Dissolving star systems creates a mess in Orion

Nov 17, 2010 By Jon Voisey

For young stars, stellar outflows are the rule. T Tauri stars and other young stars eject matter in generally collimated jets. However, a region in Orion‘s giant molecular cloud known as the Becklin-Neugebauer/Kleinmann-Low (BN/KL) region, appears to have a clumpy, scattered set of outflows with “finger-like” projections in numerous directions. A new study, led by Luis Zapata at the National Autonomous University of Mexico, explores this odd region.

To conduct their study, the team used the Submillimeter Array to trace the motion of carbon monoxide gas in the area. Flying away from this region are three massive and . Tracing their paths back, astronomers had previously determined that these likely had a common origin as members of a multiple system that for some reason, broke apart an estimated 500 years ago. Likely related to this, the new study discovered several new fingers of gas moving away as well with velocities that implied they came from the same point of origin near the same time. But what could send stars and gas hurtling outwards?

Nearby, the team also discovered a “hot core” of material as well as a “bubble” of empty space near the point of origin of the event. To explain the combination of these three events, the team proposes that an close interaction between the three stars (or perhaps more) occurred. At that time, the interaction tore apart any potential binary system throwing the stars outwards.

Since the stars are young and still embedded in a nebula, the team suggests it was likely they also contained circumstellar disks that had not yet formed planets. During the interaction, the outer portions which would be least strongly bound, were thrown outwards, creating the finger-like projections. Material that was bound more tightly but just enough to be torn off, “would find itself with an excess of kinetic energy, and will start to expand” creating the apparent bubble. If that bubble, expanding supersonically for the local medium, encountered a region that was overly dense, it would collide, heating the region and potentially forming the hot core.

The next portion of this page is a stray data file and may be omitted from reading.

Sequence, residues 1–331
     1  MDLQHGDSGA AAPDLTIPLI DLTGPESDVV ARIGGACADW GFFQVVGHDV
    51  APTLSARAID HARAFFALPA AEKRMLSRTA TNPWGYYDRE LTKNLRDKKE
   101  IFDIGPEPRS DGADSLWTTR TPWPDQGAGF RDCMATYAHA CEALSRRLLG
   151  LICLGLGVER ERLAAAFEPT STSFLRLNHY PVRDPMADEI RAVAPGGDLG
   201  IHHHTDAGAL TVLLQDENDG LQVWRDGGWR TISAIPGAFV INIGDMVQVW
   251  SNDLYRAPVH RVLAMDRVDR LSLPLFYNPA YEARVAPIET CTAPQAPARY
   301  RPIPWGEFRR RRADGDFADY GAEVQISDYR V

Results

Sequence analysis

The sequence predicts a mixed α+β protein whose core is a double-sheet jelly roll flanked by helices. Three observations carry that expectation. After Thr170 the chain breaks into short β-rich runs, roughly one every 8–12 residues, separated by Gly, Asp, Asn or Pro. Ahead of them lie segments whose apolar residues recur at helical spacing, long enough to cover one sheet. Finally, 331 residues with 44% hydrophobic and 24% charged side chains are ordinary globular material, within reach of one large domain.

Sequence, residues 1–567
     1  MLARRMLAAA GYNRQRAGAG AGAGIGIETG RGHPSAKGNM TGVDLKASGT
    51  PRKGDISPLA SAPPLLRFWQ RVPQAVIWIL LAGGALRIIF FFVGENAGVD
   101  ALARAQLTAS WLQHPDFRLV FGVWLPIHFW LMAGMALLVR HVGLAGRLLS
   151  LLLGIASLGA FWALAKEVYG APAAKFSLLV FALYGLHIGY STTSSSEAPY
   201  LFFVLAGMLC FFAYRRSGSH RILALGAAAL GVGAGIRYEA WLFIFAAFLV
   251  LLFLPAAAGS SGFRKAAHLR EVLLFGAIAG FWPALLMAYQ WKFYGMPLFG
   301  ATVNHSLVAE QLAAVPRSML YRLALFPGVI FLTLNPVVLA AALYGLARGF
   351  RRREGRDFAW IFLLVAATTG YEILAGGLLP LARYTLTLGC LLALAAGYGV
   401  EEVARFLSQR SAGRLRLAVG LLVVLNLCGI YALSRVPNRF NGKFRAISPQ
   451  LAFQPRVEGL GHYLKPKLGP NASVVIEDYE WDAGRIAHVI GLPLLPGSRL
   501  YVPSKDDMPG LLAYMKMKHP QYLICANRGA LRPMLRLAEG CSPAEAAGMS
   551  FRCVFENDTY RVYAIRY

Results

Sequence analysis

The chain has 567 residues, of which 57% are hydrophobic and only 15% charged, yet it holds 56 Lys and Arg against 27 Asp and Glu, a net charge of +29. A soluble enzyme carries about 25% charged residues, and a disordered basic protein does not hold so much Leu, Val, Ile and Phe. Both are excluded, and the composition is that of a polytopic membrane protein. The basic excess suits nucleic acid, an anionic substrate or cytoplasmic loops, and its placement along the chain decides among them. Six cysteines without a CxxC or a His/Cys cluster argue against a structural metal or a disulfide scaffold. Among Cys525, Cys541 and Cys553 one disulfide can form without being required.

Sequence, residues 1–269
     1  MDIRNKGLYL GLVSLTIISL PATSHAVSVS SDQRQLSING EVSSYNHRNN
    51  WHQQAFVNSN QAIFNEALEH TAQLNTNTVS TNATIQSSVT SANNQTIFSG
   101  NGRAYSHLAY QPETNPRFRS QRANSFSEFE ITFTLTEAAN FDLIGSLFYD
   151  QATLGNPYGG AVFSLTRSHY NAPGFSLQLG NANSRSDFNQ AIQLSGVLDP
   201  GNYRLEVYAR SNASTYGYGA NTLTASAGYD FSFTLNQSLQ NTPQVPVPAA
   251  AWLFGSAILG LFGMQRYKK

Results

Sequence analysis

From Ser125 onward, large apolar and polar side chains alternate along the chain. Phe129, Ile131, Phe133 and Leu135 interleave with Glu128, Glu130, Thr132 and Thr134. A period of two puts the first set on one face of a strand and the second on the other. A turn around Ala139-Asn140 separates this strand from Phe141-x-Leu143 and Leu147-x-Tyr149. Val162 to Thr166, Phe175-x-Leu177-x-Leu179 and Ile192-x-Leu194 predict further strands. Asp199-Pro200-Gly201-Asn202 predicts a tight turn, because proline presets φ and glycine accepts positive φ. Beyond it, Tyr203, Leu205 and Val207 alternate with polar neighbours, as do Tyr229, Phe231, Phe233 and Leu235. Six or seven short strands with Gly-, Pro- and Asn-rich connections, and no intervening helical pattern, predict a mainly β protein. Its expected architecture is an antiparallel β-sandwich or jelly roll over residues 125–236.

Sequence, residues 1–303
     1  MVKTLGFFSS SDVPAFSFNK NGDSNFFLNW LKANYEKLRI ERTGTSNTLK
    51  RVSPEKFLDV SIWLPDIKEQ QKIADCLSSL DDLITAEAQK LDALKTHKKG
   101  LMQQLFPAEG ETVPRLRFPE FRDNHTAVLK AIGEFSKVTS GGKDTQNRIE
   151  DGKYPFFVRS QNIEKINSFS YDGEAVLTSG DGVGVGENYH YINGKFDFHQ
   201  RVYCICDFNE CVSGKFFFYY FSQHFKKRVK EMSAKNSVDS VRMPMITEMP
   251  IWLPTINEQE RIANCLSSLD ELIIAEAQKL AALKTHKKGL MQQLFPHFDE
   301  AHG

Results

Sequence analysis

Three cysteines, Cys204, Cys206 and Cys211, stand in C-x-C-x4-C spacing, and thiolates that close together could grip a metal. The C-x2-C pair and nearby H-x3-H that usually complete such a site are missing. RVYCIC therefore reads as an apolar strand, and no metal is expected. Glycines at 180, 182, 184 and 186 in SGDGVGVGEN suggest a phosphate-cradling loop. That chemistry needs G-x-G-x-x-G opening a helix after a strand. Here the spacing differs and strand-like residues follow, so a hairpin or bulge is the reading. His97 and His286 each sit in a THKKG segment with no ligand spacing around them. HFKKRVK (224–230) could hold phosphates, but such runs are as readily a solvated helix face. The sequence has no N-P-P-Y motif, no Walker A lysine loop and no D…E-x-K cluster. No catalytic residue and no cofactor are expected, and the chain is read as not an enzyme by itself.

This new discovery presents a potential first for the discovery of one or more destroyed circumstellar disks. Such findings could help impose new constraints on how planetary systems form since most stars form in open clusters and associations in which such interactions may be commonplace. Yet, the very fact that such destroyed systems have never been found until now imply that interactions sufficiently close to cause such disruption are rare. Regardless, such things will help astronomers form a better picture of the formation of planets.

Explore further: Professional and amateur astronomers join forces

add to favorites email to friend print save as pdf

Related Stories

An X-Ray Santa Claus in Orion

Nov 30, 2007

Right in time for the festive season, ESA's XMM-Newton X-ray observatory has discovered a huge cloud of high-temperature gas resting in a spectacular nearby star-forming region, shaped somewhat like the silhouette ...

Cosmic births revealed by disks of dust

Nov 15, 2010

By carving 'gaps' in the disks of dust that create and enshroud them, newborn planets are giving astronomers clues to locating possible new worlds.

Making Massive Stars

Sep 15, 2009